Wednesday, 23 September 2009

Don't live too publicly?

'We live in Public' doesn't come across as pleasant or comfortable viewing, it does however pose a few questions about the domination of the internet in our everyday lives. How necessary is the world wide web to us and how influenced are we by what we view? Since moving to Bristol, I have slowly began a natural transition to reduced internet usage. Choosing to read books, walk, hang out locally and pick up the phone to friends, rather than sit for hours at a time interacting via the web. My internet consumption flitted between keeping up with what everyone else was doing, documenting what I was doing, or rather how well I was doing for the purpose of self-promotion and whether I was missing out on anything. Take a step back and can see the bubble for what it is, a self perpetuating machine that distracts you from life. Consider how important being in the bubble actually is, what you gain and what you lose.*

Media feeds us a belief that being happy is measured by commercial successes heavily linked to fame and wealth. The film explores the concept of broadcasting entire lives over the internet from taking a dump to having sex, every aspect of ones character is uncovered to the nth degree with bleak results... the film provides a moral tale for an ever developing modern society... you can see more recent comparisons to the initial project Pseudo by exploring reality TV (more notably Big Brother), celebrity magazines and to an extent social networking sites.

* disclaimer, the internet is a valuable research tool which I use daily, I have however modified how I use the web, choosing to find a more healthy balance in its usage.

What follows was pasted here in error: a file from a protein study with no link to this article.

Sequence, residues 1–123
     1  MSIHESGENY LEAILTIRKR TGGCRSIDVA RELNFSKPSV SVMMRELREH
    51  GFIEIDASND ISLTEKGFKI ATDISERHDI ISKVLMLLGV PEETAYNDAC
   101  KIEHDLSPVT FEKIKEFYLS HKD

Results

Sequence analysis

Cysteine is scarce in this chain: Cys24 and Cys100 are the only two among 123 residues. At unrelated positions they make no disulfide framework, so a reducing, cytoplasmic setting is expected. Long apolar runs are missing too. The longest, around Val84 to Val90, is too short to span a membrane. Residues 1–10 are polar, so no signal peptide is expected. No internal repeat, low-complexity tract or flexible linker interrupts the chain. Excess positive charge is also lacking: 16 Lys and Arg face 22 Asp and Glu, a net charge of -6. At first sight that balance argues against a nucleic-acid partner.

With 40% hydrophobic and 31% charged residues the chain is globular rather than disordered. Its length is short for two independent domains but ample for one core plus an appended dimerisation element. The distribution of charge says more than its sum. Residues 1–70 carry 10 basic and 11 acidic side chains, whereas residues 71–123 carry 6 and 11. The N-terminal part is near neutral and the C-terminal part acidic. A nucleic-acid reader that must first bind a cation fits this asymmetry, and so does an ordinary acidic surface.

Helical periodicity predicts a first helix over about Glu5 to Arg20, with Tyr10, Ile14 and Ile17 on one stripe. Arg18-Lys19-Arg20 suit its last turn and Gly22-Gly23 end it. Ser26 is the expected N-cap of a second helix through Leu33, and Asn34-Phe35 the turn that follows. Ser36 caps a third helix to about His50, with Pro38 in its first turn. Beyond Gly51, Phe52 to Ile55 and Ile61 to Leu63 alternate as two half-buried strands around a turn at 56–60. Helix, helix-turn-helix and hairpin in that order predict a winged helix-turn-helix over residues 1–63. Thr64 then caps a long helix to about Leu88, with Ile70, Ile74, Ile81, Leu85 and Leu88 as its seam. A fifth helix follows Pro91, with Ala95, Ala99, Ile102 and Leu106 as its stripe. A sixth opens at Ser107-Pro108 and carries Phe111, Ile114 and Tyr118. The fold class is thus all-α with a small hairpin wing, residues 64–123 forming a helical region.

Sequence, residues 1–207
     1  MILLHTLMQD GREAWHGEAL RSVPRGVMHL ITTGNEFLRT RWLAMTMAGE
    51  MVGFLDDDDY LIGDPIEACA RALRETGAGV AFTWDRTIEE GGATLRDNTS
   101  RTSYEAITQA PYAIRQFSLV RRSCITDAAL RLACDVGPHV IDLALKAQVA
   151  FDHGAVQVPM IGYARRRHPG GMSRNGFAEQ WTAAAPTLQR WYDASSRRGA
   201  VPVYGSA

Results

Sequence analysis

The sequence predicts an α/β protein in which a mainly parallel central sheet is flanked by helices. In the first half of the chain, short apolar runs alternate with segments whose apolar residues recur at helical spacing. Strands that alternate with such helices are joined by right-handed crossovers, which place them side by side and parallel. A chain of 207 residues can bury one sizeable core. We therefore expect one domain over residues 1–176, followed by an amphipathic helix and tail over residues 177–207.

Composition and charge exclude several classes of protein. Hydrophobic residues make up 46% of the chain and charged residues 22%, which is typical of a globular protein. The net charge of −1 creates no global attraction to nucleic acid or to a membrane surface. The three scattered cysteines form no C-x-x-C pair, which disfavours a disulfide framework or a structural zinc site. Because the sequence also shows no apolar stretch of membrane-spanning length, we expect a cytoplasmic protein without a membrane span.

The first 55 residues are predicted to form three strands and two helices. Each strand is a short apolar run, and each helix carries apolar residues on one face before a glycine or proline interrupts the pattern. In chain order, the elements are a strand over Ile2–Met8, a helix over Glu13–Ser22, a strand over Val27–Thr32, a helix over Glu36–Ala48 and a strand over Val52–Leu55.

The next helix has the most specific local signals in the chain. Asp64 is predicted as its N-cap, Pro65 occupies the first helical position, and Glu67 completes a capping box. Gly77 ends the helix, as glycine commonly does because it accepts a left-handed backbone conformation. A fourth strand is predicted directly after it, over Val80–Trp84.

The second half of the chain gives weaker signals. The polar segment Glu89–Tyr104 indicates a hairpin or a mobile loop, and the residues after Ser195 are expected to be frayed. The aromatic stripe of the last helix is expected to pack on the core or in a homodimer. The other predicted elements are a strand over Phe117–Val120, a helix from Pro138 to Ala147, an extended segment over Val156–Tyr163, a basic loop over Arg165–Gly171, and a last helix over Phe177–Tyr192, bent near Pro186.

Wednesday, 16 September 2009

This means WAR.......

Warpaint more addictive than Florence and the Machine, and with equally more edge to boot, hailing from the US, Los Angeles to be precise. The quartet, which is three girls heavy have been kicking it state side for a few years now. I cannot wait until they jump across the water to play here. Fingers crossed they land in Bristol, otherwise a journey to London will definitely be in order. I have only heard good things especially about there live performances. Keep an eye on these guys, they are ones to watch...

Here is a taster of Elephant performed live...

Worst and Best of Bestival...

I think I must have been the only person at Bestival that wasn't completely blown away by the event… arriving on the Saturday meant that I had failed to get completely wasted with the rest of the collective and wasn't suffering at all, in fact I was mostly trying to convince everyone how up for it they were. Everything was slightly spacey and my body clock was out of sync. Don't get me wrong I had an excellent time, yet there were a few major gripes that let it down.

1. It was my first time and although i'd planned to go in 2007 I still hadn't made it, so there was two years of build up and people tales of festival joy already in the sack of unperceived expectation.
2. The sound on the main stage was shocking, with reverb the bass feedback was of a school boy embarrassment standards.
3. As already mentioned the Friday/Saturday out of sync scenario.
4. OK so lots of people like them blah, blah, blah, but I think I completely missed the Doves, Elbow, phenomonem and consequently didn't really feel they were saying anything to me
5. The biggest gripe was the ridiculous non-escape at the end which encompassed a lengthily uphill bottle neck, the straddling of fences and jumping of ditches, only to snake every corner to discover a new, even longer queue. It an additional four hours to make my escape only to be greeted by massive lines of people awaiting the ferry home… shudder.

In the spirit of fairness I would like to point out five things I did enjoy about Bestival